Blair and Murdoch worked together to provide Bush with the credibility to tell the most disastrous lie ever told by a president: “The British government has learned that Saddam Hussein recently sought significant quantities of uranium from Africa.” George W. Bush, State of the Union, January 29, 2003. Tony Blair is guilty of the very same crimes as Bush: murder, assault, and fraud by lying to the people to justify a preemptive attack that resulted in deaths and injuries, traumas and displacements, with a total cost that has helped ruin the U.S. economy — $3.0 trillion. Rupert Murdoch and his minions share that guilt as the public relations shop for the road to perdition.
Blair’s government released two fraudulent intelligence papers during the critical period just before the March 2003 Iraq invasion, the September 2002 report and the Iraq or Dodgy Dossier in early February 2003. Rupert Murdoch’s media cartel led the charge for war. He headlined stories about both bogus reports including the outrageous claim that Iraq could launch chemical weapons at the invaders within 45 minutes of an attack and the big lie about Iraq seeking uranium from Niger to develop nuclear weapons..
During the morning hearing, Collins wrote, Blair was questioned by Queen’s Counsel (QC) Robert Jay, who carefully laid the foundation for key questions while “Blair also began laying his own foundation, a staccato mantra of answers to questions not asked.”
Blair emphasized the rationale for his overall media policy on at least three, perhaps more, occasions. He had no objection to foreign ownership (read Murdoch) of British media properties. He was inclined to be a free marketer on media and thus not in favor of tight regulation. Blair argued that the “culture and rules under which people play” were the most important factors in a positive media policy.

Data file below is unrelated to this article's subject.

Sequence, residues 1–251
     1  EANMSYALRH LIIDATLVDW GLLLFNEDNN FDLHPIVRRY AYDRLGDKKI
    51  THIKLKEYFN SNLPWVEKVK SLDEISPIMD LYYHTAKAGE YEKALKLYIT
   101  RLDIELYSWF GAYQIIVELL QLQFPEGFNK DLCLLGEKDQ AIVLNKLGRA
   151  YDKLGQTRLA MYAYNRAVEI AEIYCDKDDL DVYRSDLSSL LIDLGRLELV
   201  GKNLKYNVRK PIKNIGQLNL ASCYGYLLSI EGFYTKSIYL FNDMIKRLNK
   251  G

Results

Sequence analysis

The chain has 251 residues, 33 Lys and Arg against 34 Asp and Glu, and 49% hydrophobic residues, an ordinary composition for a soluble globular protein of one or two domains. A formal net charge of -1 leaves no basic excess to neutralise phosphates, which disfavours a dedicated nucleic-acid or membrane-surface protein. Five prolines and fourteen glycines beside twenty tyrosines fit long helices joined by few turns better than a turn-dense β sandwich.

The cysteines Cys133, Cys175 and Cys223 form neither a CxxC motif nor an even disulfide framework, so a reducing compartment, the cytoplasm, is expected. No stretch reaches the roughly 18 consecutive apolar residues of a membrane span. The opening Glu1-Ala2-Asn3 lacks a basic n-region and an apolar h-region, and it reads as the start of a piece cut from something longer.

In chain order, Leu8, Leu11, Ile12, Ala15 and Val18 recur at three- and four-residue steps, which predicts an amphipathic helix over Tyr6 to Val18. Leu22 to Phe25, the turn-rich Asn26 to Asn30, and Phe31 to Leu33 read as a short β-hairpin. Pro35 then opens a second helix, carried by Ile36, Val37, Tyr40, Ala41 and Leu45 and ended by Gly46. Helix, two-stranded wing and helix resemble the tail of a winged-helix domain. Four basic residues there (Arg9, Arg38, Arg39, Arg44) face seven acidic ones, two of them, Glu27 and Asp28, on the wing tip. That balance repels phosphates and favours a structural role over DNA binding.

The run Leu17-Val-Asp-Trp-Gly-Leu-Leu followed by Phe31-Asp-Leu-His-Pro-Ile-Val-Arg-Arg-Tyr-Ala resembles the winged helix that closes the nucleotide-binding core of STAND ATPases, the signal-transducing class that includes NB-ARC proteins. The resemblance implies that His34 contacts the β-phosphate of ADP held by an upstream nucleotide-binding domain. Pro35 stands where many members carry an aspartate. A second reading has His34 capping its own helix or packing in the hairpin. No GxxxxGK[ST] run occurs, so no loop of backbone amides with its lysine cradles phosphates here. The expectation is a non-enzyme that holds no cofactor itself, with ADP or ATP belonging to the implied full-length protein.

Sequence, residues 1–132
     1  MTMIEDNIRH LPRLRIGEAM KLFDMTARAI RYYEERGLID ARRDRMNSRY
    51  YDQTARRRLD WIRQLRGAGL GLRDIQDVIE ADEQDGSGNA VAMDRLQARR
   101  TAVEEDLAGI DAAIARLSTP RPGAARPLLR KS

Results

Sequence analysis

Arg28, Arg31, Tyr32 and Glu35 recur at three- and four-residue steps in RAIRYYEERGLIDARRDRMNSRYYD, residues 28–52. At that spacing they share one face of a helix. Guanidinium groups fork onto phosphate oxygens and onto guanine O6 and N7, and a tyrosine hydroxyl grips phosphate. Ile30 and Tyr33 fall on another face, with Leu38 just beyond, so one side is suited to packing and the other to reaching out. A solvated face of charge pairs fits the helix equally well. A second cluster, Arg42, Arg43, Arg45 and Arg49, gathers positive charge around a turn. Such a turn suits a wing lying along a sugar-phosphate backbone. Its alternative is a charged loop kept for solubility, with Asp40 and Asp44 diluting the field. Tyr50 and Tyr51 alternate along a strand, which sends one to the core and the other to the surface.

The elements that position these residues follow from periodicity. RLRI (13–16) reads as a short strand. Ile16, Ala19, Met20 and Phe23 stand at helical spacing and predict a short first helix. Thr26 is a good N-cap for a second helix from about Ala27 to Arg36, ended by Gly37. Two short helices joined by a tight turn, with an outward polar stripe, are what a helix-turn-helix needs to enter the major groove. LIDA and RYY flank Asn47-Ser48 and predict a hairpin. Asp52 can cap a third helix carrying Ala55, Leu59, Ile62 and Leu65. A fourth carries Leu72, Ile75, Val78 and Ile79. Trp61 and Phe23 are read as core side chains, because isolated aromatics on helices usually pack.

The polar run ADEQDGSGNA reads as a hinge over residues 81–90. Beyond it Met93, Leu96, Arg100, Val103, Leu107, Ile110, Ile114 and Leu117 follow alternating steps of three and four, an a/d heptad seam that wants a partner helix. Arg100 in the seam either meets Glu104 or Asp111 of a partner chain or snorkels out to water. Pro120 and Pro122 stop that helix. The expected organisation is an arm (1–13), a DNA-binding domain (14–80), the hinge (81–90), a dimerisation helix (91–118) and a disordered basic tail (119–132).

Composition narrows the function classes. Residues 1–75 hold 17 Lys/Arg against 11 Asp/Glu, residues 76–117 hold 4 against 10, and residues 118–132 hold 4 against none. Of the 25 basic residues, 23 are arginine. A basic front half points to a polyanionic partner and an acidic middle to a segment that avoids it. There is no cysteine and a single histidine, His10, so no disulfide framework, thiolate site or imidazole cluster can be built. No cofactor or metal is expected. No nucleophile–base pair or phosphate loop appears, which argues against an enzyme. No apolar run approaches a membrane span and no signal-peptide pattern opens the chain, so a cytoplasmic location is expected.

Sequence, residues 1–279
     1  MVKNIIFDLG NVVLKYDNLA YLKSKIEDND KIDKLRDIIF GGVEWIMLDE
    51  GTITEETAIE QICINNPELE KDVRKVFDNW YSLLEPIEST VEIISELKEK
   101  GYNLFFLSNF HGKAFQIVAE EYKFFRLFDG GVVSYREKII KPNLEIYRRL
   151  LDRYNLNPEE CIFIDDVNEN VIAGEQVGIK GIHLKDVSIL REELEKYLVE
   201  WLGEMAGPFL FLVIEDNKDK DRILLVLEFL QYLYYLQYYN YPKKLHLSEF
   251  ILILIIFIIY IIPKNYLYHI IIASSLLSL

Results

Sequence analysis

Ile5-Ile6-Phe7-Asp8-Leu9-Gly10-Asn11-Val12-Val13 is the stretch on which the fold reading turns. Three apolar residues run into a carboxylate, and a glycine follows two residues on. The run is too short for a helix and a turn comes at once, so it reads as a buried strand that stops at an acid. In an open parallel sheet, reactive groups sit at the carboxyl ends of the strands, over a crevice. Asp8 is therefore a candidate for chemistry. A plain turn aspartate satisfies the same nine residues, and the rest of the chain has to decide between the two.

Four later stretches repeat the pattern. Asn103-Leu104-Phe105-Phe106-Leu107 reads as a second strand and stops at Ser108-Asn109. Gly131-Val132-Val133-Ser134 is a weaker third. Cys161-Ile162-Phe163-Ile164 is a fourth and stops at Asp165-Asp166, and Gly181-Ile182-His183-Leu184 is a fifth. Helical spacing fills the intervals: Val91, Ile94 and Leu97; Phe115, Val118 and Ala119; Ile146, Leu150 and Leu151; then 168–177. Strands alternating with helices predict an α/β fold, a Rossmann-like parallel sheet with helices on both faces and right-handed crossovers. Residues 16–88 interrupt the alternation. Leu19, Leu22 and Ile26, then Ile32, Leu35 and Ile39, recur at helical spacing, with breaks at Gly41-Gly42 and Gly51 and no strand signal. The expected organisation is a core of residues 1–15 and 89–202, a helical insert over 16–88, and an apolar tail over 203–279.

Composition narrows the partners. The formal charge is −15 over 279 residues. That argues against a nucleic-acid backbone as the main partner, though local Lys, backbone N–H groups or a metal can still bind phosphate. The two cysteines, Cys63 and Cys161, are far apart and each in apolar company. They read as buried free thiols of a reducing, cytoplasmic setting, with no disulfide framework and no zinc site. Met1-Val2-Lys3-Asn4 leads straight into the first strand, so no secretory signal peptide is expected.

The former Prime Minister repeated several times that he was unwilling to risk the New Labour agenda over a fight to tighten the Communications Act given the relentless attacks he could anticipate from the tabloid press.
As Prime Minister at age 43, Blair became his country’s youngest to hold the office since 1812. With victories in 1997, 2001, and 2005, Blair was the Labour Party’s longest-serving prime minister, and the only person to lead the party to three consecutive general election victories. Blair remained an at times popular and at times polarizing figure after leaving office. His 2010 memoir became the fastest selling of its kind in the nation’s history. Blair announced he would donate royalties to a sports center for wounded veterans. At the same time, others accuse him selling out his constituency and veterans by conspiring with Murdoch and Bush to conduct a needless war, including war crimes.